After months of delay because of the rainy season in Liberia, Holy Trinity Lutheran Church is poised to ship a 20-foot-long container with supplies to aid people who have suffered during a 14-year civil war in the West African nation.
"We had the container all packaged and ready to go, but we had to wait until we could be sure that we could get it through," said the Rev. Connie Miller, who serves as pastor of the church with her husband, the Rev. Tom Miller. "Now that we've made some contacts with people in the area, we plan to send it in October."
About four years ago, the Laurel-based church started the Liberia Project after Daniel Solee, a church member who sought refuge from the war in Liberia, urged the congregation to help those suffering in his homeland.
The Liberian civil war began in 1989 after Charles Taylor led a group of Libyan-trained rebels in overthrowing the government run by Samuel K. Doe, who was killed during the war.
Fighting in the country has led to the deaths of more than 250,000 Liberians and the displacement of millions into refugee camps.
With help from the international community, the war ended about a year ago after Taylor, who was elected president in 1997, was forced into exile in Nigeria.
Solee, whose parents and other relatives were killed in the war, said the region is gradually returning to calm with the presence of 15,000 United Nations troops.
An interim government oversees the country, and elections are scheduled next year.
Solee said he is concerned about his siblings and extended family members, along with other Liberians without homes and in need of medical help.
"I came here as a refugee in 1990, and I got my citizenship," said Solee, who works for the Howard County Department of Social Services.
But, he said, "I keep thinking about the thousands of Liberians, particularly those concentrated in Lofa County, who are displaced. And that's why it's important to get medical supplies to them."
Holy Trinity Lutheran will sponsor a multicultural festival at 4 p.m. Oct. 9 at the church to celebrate diverse cultures with food and fellowship, and to collect monetary donations to help Liberian refugees.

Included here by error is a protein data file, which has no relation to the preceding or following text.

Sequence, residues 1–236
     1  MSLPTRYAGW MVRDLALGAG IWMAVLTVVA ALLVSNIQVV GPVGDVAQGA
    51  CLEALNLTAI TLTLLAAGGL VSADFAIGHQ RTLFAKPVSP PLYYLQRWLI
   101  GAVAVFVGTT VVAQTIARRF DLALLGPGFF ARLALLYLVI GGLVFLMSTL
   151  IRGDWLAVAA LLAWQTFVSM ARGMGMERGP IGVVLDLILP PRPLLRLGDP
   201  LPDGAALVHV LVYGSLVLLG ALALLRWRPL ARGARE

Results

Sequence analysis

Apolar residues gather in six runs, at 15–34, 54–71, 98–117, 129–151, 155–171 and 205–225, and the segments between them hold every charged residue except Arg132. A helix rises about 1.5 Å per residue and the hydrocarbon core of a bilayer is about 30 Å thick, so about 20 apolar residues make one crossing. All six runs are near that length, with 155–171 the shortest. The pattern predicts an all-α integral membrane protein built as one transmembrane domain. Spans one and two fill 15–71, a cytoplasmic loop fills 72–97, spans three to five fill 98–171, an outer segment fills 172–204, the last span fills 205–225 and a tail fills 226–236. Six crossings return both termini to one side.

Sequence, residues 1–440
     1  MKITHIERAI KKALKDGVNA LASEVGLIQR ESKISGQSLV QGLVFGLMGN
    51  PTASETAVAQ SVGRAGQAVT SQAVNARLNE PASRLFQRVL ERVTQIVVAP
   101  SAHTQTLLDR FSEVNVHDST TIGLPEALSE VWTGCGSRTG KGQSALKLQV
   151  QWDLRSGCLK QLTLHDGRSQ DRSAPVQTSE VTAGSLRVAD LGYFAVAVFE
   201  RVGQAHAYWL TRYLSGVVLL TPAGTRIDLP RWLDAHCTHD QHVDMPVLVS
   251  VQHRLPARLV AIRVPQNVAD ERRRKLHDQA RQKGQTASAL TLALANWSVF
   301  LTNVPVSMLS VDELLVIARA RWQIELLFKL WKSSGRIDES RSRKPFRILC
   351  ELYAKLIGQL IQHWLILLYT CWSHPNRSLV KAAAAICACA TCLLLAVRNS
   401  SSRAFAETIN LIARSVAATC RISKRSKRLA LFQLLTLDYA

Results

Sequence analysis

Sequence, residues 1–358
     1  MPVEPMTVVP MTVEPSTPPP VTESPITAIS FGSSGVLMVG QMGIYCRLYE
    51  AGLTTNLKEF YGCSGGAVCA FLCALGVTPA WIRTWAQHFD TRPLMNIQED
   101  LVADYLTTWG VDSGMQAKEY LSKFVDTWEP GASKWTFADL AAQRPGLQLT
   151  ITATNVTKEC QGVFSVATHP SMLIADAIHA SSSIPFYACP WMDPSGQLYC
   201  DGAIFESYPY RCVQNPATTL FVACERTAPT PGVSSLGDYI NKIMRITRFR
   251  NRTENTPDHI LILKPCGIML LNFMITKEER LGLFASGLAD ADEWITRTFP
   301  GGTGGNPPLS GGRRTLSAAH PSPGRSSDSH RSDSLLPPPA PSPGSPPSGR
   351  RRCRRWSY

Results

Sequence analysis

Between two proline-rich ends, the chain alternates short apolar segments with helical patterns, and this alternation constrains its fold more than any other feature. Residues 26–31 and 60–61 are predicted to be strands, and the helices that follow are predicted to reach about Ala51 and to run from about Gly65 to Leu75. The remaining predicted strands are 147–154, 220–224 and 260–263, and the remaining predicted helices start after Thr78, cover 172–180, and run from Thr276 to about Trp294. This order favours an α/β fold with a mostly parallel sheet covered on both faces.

The church is also accepting contributions to the shipment and money to help with shipping costs of about $4,000.
According to the project's Web site, www.liberiaproject.org, the church is in need of items that include a portable generator; a sturdy, four-wheel-drive vehicle to be used as an ambulance; medical equipment, including blood-pressure cuffs, bandages and syringes; textbooks for junior and senior high school students; and Bibles.
The church's shipment will be the fourth one it has sent to the nation in recent years. The church has donated more than $10,000 worth of medical supplies and equipment to the country, Solee said.
According to the Web site, the church's long-term goals in the country include helping to build or renovate a health facility and establishing a high school.
Solee said he is thankful to God, his church and the international community for helping his native land.
"My wife and my family are very grateful," he said. "We want to continue to bring an awareness to the needs in Liberia."
The Millers said it wasn't a hard decision to start the project.
"The Lutheran Church has a long history in Liberia with missions," Connie Miller said.
Her husband said Liberian officials have visited the church and expressed their gratitude to the congregation.
"The folks came here from Liberia and said thank you, and that's how we know that we've made a difference," he said.